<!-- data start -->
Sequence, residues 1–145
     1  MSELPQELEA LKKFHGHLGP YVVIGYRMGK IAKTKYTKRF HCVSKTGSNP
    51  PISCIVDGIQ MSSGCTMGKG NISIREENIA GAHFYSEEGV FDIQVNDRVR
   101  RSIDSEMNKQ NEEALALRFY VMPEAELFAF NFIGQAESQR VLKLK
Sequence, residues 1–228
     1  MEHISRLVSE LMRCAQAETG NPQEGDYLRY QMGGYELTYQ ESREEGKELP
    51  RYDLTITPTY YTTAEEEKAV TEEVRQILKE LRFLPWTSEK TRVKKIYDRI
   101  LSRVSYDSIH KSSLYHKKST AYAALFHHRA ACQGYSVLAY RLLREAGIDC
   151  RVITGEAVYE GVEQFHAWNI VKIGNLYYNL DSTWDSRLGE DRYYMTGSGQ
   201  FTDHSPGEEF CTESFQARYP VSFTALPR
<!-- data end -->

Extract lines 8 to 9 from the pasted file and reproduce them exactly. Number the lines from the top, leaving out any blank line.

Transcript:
   101  LSRVSYDSIH KSSLYHKKST AYAALFHHRA ACQGYSVLAY RLLREAGIDC
   151  RVITGEAVYE GVEQFHAWNI VKIGNLYYNL DSTWDSRLGE DRYYMTGSGQ